So, you’ve chosen your new family member having spent months researching the perfect breed. The big day has arrived, and you give him a tour of the house before leaving him in the next room for 15 minutes whilst you prepare dinner. When you return you find a few puddles, some tiny pieces of chewed up wood which look as though they were pulled from the table leg and scratch marks all up the door. Suddenly it dawns on you that this cute, tiny, fluffy bundle of joy has needle-like teeth, razor-sharp claws and a teeny-weeny bladder! So, what do you do? 

Firstly, don’t panic! Easier said than done I know. We’ve all been there, and it does get less challenging, I promise.

How to bond with a puppy

Spend plenty of time with your new family member but don’t overwhelm him. Make sure you leave him alone every now and again for short periods of time as this will condition him to accept your occasional absence and help prevent any major separation anxiety issues down the line. Offer plenty of toys to keep his mind occupied whilst you’re away (interactive treat toys such as Kongs, snuffle mats, treat-dispensing balls etc are all great) and make sure he also has plenty of safe, chewable toys to teeth on when those big adult molars start making an appearance.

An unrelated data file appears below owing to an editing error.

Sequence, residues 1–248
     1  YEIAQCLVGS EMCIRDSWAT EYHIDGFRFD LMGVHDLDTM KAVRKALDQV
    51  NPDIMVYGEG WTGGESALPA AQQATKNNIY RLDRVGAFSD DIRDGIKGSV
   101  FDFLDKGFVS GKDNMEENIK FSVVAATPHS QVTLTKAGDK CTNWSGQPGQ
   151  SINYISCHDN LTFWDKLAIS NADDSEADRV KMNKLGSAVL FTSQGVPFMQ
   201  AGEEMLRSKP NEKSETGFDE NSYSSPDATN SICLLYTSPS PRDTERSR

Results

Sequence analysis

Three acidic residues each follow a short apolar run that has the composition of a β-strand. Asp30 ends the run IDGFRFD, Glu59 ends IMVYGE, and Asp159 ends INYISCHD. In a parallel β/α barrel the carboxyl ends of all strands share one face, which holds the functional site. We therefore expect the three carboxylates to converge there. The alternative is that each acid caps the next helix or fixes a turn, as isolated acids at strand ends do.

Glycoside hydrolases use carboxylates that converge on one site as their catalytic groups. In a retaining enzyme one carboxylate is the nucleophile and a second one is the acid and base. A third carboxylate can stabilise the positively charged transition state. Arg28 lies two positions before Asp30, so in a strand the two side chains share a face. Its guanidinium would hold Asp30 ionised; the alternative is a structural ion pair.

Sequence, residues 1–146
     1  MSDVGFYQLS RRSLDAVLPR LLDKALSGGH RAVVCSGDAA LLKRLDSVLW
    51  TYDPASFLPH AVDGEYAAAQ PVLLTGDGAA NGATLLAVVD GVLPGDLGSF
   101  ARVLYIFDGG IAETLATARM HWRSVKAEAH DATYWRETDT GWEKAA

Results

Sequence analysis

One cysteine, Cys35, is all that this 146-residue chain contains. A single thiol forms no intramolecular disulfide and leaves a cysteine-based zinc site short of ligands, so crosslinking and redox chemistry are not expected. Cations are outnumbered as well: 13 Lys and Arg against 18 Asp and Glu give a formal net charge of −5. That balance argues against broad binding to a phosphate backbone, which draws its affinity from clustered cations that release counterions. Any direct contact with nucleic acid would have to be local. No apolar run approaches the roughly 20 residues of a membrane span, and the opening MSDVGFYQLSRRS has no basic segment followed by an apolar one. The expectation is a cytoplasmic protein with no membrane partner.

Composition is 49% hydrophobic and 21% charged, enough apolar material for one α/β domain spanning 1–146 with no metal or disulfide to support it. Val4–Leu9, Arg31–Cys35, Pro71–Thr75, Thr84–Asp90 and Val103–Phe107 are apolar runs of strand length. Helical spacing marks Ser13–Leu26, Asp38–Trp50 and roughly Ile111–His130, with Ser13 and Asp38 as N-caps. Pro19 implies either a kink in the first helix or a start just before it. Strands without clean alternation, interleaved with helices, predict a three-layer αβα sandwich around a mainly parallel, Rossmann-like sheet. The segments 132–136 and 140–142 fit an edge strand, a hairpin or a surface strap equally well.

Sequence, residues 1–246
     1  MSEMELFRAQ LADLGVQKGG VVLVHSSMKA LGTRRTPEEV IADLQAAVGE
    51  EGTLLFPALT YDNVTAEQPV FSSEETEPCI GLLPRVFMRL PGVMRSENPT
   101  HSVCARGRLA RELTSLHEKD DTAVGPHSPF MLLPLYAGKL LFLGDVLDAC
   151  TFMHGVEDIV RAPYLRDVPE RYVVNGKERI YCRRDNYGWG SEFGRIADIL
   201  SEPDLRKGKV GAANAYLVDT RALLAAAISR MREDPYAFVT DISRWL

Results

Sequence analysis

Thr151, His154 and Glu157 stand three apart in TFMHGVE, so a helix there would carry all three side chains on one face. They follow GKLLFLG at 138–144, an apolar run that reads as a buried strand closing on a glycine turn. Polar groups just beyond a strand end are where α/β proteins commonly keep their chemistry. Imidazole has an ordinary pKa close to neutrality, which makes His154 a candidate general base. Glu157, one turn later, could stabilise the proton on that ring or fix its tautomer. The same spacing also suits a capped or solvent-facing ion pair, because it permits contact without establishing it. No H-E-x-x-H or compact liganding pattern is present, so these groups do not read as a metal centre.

Secondly, keep him confined at first rather than allowing him full run of the house. This is to get him used to his surroundings without it being too overwhelming and will also prevent any confusion when it comes to toilet training. Keeping him close to his toilet area (usually the back garden) is best. Taking him out every half an hour is a general rule that I like to go by and this length of time can be slowly increased the older he gets. 

Thirdly, reward all four paws on the ground from day one. It’s cute when a tiny puppy jumps up for kisses, but it suddenly becomes less adorable when that 10kg puppy turns into a 50kg Dobermann! 

To teach this I simply reward when all four paws are on the ground with a tiny, tasty treat and ignore or turn away when he jumps up. He will soon learn that keeping his paws on the ground gets the good stuff and jumping up yields nothing. The more consistent you are, and everyone around him for that matter, the quicker he will realise what is expected of him. 

These are just a few starting points, but they will help you get off on the right foot and ensure you build a positive and rewarding bond between you and your new family member.